Christmas Homily from Father Jim Hogan, December 25, 2014

•Isaiah 52: 7-10; Titus 3: 4-7; John 1: 1-18•

Scripture Readings: Christmas Mass During the Day 

(Note: for the second reading, on the USCCB website, go back to the Mass at Dawn or get out your Bible as the second reading in the link above is different.)

“Mom, Noah’s going to shoot me with a rubber band!”

“Mom, Alex was squeezing my neck!”

“Mom, Noah is copying me!”

“Mom, Alex took my Pokemon cards!”

“If you two boys can’t stop fighting, I’m going to cancel Christmas!”

That was the introduction of a Christmas letter I received last year from a dear friend of mine in Bozeman.  We first met when she was an outstanding student at the University and very actively involved in Christ the King.  Justice and peace issues were big on her agenda.  Today she is well married, and an excellent teacher.  Their eldest son is a student at the University. Their two youngest – twins Alex and Noah, obviously are still at home.

Her letter continued, “the fact that my threat worked didn’t surprise me.  The fact that I actually said it did! While I was stewing in my maternal crisis, Alex came into the kitchen and said, ‘Mom, do you know what one of the big problems in the world is?’  ‘No,’ I said.  ‘That some people can get really, really rich, and most of the people are poor.’  ’Yes, that is a problem,’ I responded with regret and relief.  I have to say my heart grew two sizes that day.  My children did have a larger worldview than hoarding Legos and trying to sit on each other’s heads.”

She continued, “two weeks ago Noah got an icicle stuck on his tongue in -15 below weather.  He kept saying to Alex, ‘GahgehMah . . . GahgehMah.’  It took Alex awhile before he understood ‘Go get Mom!”  He frantically ran and told her, ‘Noah’s tongue was stuck on an icicle!  But I couldn’t understand him, and then it took me so long, he ripped it off himself!’  Noah stood behind with his tongue sticking out and the offending icicle in hand.  ‘Are you okay?’ I asked.  ‘Yeh, but my tonguh huts’.”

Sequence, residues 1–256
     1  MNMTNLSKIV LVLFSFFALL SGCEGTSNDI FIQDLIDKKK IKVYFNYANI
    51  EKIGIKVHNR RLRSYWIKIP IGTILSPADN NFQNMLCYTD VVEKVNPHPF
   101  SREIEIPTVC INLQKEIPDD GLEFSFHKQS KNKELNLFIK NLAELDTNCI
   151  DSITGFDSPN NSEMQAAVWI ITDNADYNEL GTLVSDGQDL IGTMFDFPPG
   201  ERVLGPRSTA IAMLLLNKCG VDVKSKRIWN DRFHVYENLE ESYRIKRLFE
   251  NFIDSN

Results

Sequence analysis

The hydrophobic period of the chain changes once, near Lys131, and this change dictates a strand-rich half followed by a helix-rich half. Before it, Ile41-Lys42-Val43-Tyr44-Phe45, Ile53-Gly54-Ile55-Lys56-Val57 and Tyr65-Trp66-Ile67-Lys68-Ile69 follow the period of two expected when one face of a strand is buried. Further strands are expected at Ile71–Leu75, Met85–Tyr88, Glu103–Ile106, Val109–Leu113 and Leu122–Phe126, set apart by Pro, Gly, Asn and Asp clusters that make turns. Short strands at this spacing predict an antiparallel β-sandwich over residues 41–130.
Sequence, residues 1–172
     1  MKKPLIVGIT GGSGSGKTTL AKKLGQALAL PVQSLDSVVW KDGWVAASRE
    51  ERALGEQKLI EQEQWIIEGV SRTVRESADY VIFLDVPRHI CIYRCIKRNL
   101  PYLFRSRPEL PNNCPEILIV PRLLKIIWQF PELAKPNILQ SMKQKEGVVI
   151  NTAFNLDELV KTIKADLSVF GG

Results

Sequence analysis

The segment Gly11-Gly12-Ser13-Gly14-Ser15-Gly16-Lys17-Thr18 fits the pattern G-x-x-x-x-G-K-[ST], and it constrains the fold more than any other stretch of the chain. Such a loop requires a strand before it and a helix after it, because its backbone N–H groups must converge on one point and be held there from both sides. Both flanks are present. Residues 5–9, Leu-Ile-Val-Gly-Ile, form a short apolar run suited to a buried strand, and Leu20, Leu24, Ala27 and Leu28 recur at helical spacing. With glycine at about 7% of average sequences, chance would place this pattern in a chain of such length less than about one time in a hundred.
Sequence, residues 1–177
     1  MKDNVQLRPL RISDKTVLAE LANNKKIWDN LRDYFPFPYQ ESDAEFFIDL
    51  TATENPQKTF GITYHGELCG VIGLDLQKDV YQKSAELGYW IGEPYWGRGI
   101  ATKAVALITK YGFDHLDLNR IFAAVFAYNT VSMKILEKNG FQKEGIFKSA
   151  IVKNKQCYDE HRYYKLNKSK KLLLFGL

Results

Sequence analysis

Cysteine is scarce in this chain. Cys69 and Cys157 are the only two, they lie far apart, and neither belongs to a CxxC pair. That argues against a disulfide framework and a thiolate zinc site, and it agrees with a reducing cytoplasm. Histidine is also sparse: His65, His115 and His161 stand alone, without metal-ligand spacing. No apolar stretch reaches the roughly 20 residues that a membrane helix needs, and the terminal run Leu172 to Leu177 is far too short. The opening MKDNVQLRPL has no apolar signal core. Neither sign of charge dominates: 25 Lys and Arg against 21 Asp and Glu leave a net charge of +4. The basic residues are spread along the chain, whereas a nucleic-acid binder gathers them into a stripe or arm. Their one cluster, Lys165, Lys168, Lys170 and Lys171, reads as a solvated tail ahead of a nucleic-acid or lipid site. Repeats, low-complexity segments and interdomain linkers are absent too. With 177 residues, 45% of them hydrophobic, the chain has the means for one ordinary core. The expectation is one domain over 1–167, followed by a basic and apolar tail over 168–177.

I share Katy’s Christmas letter because it is so funny and so real!  The point behind her stories was simple. “The world needs more love, not less!   I couldn’t cancel Christmas! Christmas is the deep recognition of our common humanity and a powerful love that embraces us with our imperfections.”

Our Gospel text today is the prelude to John’s gospel. No one, including John, has seen the Gracious Mystery we name God.  Our ideas and images of “God” are utterly inadequate.

This fourth gospel has no account of a virgin birth. John wants his community to grasp the Christ Mystery.  Rather then images of a miraculous birth, John employs philosophical images.

“The light shines in the darkness and the darkness has not overcome it.”  In more common words the Risen Christ is the “defining” human life in whom we see, feel, hear and discover what we are, and are to be!  “The word was with God, and the word was God,” and “the word became flesh and dwelt among us.”We still debate what that means.  In the 4th century using such texts, Greek dualistic philosophers viewed the divine and human, spiritual and material, soul and body as separate and divided realms.  Greek influence transformed Jesus of Nazareth into an invader from another realm.  It soon was a no-brainer to assert that Jesus was both “fully human” and “fully divine.” Medieval artists did the rest.

I think Katy’s Christmas letter grasps or at least hints at “the Christ mystery.” In Christ we are being led into a new level of consciousness where we will begin to see ourselves as a part of who God is, and God as a part of who we are.  God is not a supernatural being far off in remote space.  The world is not God.  God is not the world.  But God is the center of all that is.  John asserts that Jesus –“came so you might have life, and have it abundantly.”  He leads us across the boundaries of fear that separate us into new dimensions of life and living. A little boy with his tongue stuck to a frozen icicle reminds me of what Christmas is about.  Christmas is about love and life, and that — love and life summarizes “the Christ Mystery.”  Merry Christmas!

 

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One Response to Christmas Homily from Father Jim Hogan, December 25, 2014

  1. Bill Patterson says:

    Thank you Father Jim! Merry Christmas.

    Peace be with you,
    Bill Patterson

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